Sunday, May 7, 2017


by Ruth Ross

Christine Talarico and PyewacketJohn Van Druten’s romantic comedy, Bell, Book and Candle, opened on Broadway in 1950, starring Rex Harrison and Lily Palmer, and in 1958 was made into a film starring Kim Novak and Jimmy Stewart. Given their selection of sometimes edgy, modern works, it seemed to be an interesting, albeit unusual, choice by the Chatham Community Players to end their 95th season.

Well, Bell, Book and Candle turns out to be the perfect antidote to a tumultuous week wrangling over health care bills and tax reform—not to mention some hellacious weather. With the plot turning on whether a beautiful witch can fall in love with a mortal and live happily ever after, the troupe’s charming production of Van Druten’s bit of fluff is just what the doctor ordered.

Sexy, and with full confidence in her seductive powers, witchy Gillian Holroyd unexpectedly falls for her handsome upstairs neighbor, publisher Shep Henderson—unexpectedly, because witches are supposedly unable to fall in love lest they lose their powers! Upon learning that Shep is engaged to a woman she knew and despised in college, she uses her powers to derail the relationship and claim Shep for herself. On hand to complicate matters are Gillian’s eccentric Aunt Queenie (who lives above Shep) and her rather ghoulish-looking warlock brother Nicky (think Barnabas Collins from television’s Gothic soap opera, Dark Shadows). To further cement their relationship, Gillian introduces Shep to Sidney Redlitch, an author who has written a ridiculous book about magic and is looking for a new publisher.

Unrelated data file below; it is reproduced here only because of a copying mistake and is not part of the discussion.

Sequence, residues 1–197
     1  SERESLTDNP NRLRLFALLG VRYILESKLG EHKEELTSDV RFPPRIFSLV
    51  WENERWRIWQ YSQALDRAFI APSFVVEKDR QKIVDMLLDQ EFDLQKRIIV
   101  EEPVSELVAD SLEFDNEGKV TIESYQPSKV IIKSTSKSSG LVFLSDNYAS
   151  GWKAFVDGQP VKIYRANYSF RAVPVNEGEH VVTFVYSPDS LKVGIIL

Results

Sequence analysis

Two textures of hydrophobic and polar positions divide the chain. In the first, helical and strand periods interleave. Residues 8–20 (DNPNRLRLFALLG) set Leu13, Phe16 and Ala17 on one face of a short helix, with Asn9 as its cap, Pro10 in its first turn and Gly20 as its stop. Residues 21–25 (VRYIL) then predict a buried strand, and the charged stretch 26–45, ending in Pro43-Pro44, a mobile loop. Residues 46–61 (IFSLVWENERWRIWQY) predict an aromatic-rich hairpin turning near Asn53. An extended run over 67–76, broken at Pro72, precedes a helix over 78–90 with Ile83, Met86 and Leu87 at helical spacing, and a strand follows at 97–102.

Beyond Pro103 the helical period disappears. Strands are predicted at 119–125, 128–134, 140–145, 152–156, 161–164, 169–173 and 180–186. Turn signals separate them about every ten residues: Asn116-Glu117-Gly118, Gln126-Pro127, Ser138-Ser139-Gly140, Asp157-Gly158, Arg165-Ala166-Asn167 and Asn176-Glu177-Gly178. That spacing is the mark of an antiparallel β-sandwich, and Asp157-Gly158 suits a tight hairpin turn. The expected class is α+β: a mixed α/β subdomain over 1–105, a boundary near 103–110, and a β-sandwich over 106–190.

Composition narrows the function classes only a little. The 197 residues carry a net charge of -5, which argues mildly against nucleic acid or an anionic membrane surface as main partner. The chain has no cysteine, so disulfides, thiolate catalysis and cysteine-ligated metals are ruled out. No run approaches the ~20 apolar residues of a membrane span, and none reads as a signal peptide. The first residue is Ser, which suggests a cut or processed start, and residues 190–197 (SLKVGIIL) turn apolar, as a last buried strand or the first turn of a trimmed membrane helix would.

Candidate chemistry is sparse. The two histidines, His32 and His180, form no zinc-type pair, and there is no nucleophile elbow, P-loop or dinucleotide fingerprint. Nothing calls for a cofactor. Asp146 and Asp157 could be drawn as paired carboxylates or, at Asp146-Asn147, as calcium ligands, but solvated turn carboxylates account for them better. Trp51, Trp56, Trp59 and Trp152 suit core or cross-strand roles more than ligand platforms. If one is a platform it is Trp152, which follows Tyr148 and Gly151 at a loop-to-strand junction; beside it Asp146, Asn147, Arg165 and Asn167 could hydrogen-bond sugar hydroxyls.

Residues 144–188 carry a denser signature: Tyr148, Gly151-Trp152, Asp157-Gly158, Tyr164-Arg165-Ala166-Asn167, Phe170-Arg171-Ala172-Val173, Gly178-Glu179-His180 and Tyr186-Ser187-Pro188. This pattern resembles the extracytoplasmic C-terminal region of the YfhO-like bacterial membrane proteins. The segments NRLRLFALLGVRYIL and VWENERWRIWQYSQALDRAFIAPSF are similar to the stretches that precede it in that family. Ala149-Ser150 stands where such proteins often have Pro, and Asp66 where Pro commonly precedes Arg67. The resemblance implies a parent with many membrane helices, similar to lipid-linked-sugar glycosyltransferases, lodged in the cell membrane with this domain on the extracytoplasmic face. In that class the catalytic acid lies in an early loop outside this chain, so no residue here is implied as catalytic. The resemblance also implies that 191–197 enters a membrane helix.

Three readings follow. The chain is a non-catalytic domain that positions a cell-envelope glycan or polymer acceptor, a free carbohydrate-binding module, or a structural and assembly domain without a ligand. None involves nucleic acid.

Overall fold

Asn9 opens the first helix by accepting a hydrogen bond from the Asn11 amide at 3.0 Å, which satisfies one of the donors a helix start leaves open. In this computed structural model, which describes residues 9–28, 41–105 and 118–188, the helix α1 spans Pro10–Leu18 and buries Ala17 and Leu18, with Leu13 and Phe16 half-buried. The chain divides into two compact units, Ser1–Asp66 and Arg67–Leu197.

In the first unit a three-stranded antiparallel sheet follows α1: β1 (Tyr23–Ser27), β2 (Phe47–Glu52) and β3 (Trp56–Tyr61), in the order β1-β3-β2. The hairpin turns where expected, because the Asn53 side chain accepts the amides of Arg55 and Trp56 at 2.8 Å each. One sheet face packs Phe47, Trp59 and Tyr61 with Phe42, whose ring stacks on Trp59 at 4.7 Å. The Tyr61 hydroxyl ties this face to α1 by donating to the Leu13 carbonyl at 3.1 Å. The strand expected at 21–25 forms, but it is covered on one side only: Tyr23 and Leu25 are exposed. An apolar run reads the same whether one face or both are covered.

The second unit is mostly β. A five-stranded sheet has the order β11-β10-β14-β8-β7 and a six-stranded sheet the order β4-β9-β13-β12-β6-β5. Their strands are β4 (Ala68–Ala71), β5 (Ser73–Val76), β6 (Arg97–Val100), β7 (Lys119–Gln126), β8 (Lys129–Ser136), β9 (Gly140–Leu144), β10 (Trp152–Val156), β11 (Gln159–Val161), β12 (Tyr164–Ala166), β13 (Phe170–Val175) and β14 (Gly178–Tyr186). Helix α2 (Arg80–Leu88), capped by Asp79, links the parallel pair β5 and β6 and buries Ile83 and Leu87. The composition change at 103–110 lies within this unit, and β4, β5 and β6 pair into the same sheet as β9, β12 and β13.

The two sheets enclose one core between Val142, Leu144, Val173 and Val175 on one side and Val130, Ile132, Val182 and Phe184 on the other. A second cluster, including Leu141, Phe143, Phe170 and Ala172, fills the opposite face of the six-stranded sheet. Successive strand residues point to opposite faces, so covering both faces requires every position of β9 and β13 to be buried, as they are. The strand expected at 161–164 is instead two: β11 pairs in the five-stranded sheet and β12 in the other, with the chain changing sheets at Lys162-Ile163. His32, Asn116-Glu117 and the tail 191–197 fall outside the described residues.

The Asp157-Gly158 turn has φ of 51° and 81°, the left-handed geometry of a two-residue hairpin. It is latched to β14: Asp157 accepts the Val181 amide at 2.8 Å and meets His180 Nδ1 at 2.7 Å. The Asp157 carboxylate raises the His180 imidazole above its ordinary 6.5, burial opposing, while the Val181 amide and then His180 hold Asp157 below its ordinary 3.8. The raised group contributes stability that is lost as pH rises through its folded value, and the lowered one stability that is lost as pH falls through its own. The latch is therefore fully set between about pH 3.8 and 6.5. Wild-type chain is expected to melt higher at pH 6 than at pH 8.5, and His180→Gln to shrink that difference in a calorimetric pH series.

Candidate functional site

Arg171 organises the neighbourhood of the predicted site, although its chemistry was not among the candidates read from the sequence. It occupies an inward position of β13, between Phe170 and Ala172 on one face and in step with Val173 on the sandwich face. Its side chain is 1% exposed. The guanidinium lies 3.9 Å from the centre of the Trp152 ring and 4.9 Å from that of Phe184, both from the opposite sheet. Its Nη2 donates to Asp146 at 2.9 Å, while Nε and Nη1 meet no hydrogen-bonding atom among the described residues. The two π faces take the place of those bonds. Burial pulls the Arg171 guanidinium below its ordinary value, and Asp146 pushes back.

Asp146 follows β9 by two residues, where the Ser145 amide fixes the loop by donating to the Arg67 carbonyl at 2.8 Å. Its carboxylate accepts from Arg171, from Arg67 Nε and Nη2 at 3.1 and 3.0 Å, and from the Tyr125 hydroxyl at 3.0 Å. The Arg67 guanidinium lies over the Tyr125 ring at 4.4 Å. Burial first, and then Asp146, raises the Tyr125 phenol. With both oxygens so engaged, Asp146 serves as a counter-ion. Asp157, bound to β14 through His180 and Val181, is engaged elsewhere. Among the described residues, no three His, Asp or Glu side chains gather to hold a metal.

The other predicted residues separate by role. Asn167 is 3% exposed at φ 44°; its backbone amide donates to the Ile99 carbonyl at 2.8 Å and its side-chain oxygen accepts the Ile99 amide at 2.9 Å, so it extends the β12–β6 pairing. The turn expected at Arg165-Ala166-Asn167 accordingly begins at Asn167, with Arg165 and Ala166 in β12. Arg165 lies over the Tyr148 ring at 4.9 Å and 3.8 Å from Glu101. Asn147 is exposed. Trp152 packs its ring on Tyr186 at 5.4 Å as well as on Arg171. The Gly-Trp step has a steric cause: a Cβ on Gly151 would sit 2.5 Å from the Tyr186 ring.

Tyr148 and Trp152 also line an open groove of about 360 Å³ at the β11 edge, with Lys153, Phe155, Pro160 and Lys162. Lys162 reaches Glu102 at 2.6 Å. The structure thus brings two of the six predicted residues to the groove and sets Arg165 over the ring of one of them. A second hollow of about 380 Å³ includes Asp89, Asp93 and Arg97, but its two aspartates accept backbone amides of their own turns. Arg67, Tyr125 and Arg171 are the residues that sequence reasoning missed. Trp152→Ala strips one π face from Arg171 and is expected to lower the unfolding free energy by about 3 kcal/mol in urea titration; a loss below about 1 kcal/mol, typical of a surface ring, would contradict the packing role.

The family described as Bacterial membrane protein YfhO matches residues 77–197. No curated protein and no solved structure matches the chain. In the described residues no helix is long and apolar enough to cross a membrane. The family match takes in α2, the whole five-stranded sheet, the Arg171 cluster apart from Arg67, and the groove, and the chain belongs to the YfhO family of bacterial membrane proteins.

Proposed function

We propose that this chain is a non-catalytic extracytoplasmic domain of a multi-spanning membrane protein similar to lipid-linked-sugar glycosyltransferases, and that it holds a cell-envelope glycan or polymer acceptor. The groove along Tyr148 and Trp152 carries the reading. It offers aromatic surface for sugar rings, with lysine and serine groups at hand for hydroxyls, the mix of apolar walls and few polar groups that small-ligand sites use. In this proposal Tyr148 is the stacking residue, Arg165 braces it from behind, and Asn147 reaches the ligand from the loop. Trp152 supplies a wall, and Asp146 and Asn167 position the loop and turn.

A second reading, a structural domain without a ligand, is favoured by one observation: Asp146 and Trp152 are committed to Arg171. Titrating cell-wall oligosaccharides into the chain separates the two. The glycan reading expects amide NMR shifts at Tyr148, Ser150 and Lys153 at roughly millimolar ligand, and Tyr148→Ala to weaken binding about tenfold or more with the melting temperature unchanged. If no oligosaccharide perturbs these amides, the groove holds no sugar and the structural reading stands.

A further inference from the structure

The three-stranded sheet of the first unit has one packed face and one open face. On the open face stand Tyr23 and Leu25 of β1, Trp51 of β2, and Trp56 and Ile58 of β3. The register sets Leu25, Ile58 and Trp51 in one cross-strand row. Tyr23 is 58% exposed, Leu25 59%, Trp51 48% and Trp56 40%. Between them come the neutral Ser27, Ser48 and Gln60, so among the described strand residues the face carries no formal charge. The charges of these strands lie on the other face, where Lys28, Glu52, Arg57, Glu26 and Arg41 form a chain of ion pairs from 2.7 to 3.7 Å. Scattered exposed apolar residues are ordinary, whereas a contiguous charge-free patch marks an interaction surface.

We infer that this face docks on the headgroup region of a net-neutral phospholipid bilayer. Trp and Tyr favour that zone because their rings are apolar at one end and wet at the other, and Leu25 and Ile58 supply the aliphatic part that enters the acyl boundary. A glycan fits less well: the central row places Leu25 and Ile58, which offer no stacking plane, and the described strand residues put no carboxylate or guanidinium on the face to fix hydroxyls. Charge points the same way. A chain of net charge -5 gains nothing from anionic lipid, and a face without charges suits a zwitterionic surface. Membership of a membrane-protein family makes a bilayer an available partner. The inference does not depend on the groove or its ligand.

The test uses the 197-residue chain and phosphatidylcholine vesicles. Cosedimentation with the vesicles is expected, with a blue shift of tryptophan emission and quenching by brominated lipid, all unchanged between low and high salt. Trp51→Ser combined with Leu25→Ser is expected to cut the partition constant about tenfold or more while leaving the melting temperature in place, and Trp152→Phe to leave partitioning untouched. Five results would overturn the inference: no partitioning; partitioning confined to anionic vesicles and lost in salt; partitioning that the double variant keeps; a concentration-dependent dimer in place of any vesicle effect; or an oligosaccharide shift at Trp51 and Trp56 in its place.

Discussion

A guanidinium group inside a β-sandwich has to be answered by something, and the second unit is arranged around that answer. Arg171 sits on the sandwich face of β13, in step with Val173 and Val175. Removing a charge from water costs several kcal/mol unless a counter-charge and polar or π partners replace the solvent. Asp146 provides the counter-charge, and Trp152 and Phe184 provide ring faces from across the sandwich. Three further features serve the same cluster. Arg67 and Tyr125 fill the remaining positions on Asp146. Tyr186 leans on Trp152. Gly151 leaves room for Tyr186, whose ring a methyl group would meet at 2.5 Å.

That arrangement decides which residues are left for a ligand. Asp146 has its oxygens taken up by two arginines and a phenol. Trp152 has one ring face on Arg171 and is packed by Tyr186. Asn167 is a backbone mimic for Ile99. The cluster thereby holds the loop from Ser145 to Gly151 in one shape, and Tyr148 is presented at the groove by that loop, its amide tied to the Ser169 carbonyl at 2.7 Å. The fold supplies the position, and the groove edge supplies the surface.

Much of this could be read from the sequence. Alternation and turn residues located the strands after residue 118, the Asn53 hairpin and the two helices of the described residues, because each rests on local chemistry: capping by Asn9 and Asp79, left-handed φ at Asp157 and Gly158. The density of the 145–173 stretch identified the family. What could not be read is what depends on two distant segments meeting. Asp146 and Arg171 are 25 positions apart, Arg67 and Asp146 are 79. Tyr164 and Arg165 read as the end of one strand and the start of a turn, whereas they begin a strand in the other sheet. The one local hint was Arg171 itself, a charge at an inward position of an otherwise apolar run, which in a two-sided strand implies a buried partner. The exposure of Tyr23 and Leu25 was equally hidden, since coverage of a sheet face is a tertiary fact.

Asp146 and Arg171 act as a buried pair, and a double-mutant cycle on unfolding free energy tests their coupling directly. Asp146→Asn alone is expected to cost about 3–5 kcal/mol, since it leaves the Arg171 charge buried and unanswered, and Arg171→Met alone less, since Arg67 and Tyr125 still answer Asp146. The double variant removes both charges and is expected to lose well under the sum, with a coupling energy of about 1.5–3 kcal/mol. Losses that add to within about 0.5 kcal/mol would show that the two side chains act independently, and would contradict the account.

It would be easy to dismiss Bell, Book and Candle as a musty period piece, but Director Elizabeth Rogers’ evident affection for the material gives it a Sinatra-smooth vibe; even the 1950s references to events and figures are more bittersweet than jarring (especially to theatre-goers of a certain age). The elegant New York apartment designed by Bob Lukasik and lit atmospherically and playfully by Nicholas Marmo provide the perfect canvas for the eerie high jinks occurring there. Original music composed and performed by Joe DeVico enhances the milieu, as do the period costumes by Fran Harrison and props and set decoration by Kate Pierce and Tish Lum.

ImageBut it is the ensemble of actors who weave the real magic in this production. Christine Talarico’s Gillian (left, seated) is physically attractive and very seductive. Just watching her witchy defenses crumble when she’s in Shep’s arms is a treat, and when she weeps over losing him, we know she can never go back. On opening night, she was a bit stiff at first, but as the three acts proceeded, Talarico appeared to relax and warm to her character’s mood changes. Pierce V. Lo (far left) is smashing as Shepherd Henderson, transitioning from stodgy to passionate as he falls under Gillian’s spell. As Aunt Queenie, Lisa Barnett (right) is eccentricity personified; she reminded me of Noel Coward’s Madame Arcati, the eccentric medium and clairvoyant in Blithe Spirit). Her attire, a mishmash of hippie-ish pieces, suited to her odd personality. Anthony Bentrovato (standing, right)  as Nicky seemed to slink and slither rather than walk; his expressive eyebrows added to his chilling demeanor. Finally, as Sidney Redlitch, John A. C. Kennedy turns in a raffish performance as an author smitten by fame and sure of his craft. He’s hilarious when his confidence turns to jelly when he fears Gillian’s retribution for taking Shep to another witch to exorcise the original spell. The only other “character” who bears mentioning is Gillian’s familiar, the cat Pywackett, whom she uses to cast her spells. Obviously, the prop is a puppet, but the way Talarico holds (top) and caresses it makes it look all too real.

America in the 1950s wasn’t always as idyllic as we’d like to remember, but Bell, Book and Candle offers a nice diversion from today’s problems. You’ll be charmed by the casual household witching— the bored snap with which Gillian unleashes a thunderstorm—and her competitive spell-casting with her man-on-the-make brother. So come on down to the Chatham Playhouse for a bit of time travel—and a respite from the woes of the world.

Bell, Book and Candle will be performed through May 20 at the Chatham Playhouse, 23 N. Passaic Ave., Chatham. For information and tickets, call the box office at 973.635.7363 or visit  online.